If there’s a single identifiable moment when Jewish Christmas—the annual American tradition where Jews overindulge on Chinese food on December 25—transitioned from kitsch into codified custom, it was during Supreme Court Justice Elena Kagan’s 2010 confirmation hearing.
During an otherwise tense series of exchanges, Senator Lindsey Graham paused to ask Kagan where she had spent the previous Christmas. To great laughter, she replied: “You know, like all Jews, I was probably at a Chinese restaurant.”
Never willing to let a moment pass without remark, Senator Chuck Schumer jumped in to explain, “If I might, no other restaurants are open.”
And so goes the story of Jewish Christmas in a tiny capsule. For many Jewish Americans, the night before Christmas conjures up visions, not of sugar plums, but plum sauce slathered over roast duck or an overstocked plate of beef lo mein, a platter of General Tso’s, and (maybe) some hot and sour soup.
But Schumer’s declaration that Jews and Chinese food are as much a match of necessity as sweet and sour are, is only half the wonton. The circumstances that birthed Jewish Christmas are also deeply historical, sociological, and religious.
The story begins during the halcyon days of the Lower East Side where, as Jennifer 8. Lee, the producer of The Search for General Tso, said, “Jews and Chinese were the two largest non-Christian immigrant groups” at the turn of the century.
So while it’s true that Chinese restaurants were notably open on Sundays and during holidays when other restaurants would be closed, the two groups were linked not only by proximity, but by otherness. Jewish affinity for Chinese food “reveals a lot about immigration history and what it’s like to be outsiders,” she explained.
Estimates of the surging Jewish population of New York City run from 400,000 in 1899 to about a million by 1910 (or roughly a quarter of the city’s population). And, as some Jews began to assimilate into American life, they not only found acceptance at Chinese restaurants, but also easy passage into the world beyond Kosher food.
“Chinese restaurants were the easiest place to trick yourself into thinking you were eating Kosher food,” Ed Schoenfeld, the owner of RedFarm, one of the most laureled Chinese restaurants in New York, said. Indeed, it was something of a perfect match. Jewish law famously prohibits the mixing of milk and meat just as Chinese food traditionally excludes dairy from its dishes. Lee added:
If you look at the two other main ethnic cuisines in America, which are Italian and Mexican, both of those combine milk and meat to a significant extent. Chinese food allowed Jews to eat foreign cuisines in a safe way.
And so, for Jews, the chop suey palaces and dumpling parlors of the Lower East Side and Chinatown gave the illusion of religious accordance, even if there was still treif galore in the form of pork and shellfish. Nevertheless, it’s more than a curiosity that a narrow culinary phenomenon that started over a century ago managed to grow into a national ritual that is both specifically American and characteristically Jewish.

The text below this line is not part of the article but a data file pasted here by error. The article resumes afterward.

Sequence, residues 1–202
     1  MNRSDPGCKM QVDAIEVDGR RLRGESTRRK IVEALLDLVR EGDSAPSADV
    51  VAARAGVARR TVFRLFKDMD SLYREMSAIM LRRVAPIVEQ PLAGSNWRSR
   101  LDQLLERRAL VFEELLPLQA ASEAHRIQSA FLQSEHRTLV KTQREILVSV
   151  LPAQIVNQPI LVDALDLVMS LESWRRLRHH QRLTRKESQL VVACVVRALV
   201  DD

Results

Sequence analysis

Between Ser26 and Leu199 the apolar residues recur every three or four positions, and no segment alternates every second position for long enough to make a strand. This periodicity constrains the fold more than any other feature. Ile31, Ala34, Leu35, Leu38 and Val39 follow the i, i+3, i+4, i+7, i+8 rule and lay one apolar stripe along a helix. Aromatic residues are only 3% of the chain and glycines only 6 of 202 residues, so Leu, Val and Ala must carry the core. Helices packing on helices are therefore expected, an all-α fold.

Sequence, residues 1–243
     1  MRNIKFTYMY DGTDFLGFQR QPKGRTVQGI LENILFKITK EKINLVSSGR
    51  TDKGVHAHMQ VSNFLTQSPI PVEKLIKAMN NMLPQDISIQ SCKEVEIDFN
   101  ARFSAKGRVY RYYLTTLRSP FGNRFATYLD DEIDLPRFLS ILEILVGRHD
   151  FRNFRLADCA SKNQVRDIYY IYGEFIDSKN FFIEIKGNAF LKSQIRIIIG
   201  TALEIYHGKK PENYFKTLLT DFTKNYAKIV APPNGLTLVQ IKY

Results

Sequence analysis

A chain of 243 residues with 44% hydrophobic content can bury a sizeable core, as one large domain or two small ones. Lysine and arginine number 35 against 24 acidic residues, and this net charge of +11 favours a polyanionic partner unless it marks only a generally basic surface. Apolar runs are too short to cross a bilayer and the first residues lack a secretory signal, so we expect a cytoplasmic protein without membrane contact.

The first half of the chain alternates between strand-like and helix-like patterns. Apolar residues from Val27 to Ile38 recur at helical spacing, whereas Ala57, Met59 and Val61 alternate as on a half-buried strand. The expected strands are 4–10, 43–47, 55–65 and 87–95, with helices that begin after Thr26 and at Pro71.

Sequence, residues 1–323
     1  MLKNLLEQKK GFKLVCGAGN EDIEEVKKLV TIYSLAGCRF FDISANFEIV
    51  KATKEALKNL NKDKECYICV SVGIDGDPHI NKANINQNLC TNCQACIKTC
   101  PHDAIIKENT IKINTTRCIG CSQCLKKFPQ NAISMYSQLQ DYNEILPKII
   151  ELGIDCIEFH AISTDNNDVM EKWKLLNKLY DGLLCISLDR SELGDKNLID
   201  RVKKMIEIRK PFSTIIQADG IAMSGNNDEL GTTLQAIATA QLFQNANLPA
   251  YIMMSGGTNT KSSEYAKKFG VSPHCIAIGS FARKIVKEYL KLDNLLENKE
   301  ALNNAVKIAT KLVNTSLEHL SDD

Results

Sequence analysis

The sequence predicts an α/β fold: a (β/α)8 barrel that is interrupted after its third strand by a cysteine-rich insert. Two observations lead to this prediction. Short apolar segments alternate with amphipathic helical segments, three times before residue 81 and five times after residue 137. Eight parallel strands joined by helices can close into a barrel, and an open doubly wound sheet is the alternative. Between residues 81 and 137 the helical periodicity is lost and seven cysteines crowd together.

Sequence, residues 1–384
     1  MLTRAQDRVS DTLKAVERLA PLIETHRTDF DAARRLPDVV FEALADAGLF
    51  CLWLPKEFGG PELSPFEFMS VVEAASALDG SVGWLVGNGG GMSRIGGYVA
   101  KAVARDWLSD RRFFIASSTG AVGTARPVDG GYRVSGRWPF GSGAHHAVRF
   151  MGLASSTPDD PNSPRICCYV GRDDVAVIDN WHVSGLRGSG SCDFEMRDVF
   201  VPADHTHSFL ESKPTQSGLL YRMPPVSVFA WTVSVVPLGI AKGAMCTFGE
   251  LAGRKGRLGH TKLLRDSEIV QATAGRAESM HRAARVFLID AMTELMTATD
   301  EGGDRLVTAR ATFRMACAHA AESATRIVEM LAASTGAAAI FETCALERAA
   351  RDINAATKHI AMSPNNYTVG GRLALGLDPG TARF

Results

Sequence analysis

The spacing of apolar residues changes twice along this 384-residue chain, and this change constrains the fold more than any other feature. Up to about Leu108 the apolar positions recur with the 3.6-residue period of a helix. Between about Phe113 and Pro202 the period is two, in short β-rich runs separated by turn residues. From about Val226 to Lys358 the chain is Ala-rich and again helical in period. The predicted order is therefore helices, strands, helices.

“Clearly this whole thing with Chinese food and Jewish people has evolved,” Schoenfeld said. “There’s no question. Christmas was always a good day for Chinese restaurants, but in recent years, it’s become the ultimate day of business.”
But there’s more to it than that. Ask a food purist about American Chinese food and you’ll get a pu-pu platter of hostile rhetoric about its inauthenticity. Driving the point home, earlier this week, CBS reported on two Americans who opened a restaurant in Shanghai that features American-style Chinese dishes like orange chicken, pork egg rolls, and, yes, the beloved General Tso’s, all of which don’t exist in traditional Chinese cuisine. The restaurant gets it name from another singular upshot of Chinese-American fusion: Fortune Cookie.
Schoenfeld, whose restaurant features an egg roll made with pastrami from Katz’s Deli, shrugs off the idea that Americanized Chinese food is somehow an affront to cultural virtue. “Adaptation has been a signature part of the Chinese food experience,” he said. “If you went to Italy, you’d see a Chinese restaurant trying to make an Italian customer happy.”
That particular mutability has a meaningful link to the Jewish experience, the rituals of which were largely forged in exile. During the First and Second Temple eras, Jewish practice centered around temple life in Jerusalem. Featuring a monarchy and a high priesthood, it bears little resemblance to Jewish life of today with its rabbis and synagogues.
So could it be that Chinese food is a manifestation of Jewish life in America? Lee seems to think so. “I would argue that Chinese food is the ethnic cuisine of American Jews. That, in fact, they identify with it more than they do gefilte fish or all kinds of the Eastern Europe dishes of yore.”
Over the centuries, different religious customs have sprung up and new spiritual rituals have taken root, many of which draw on the past. Jewish Christmas, in many ways, could very much be seen as a modern affirmation of faith. After all, there are few days that remind American Jews of their Jewishness more than Christmas in the United States.
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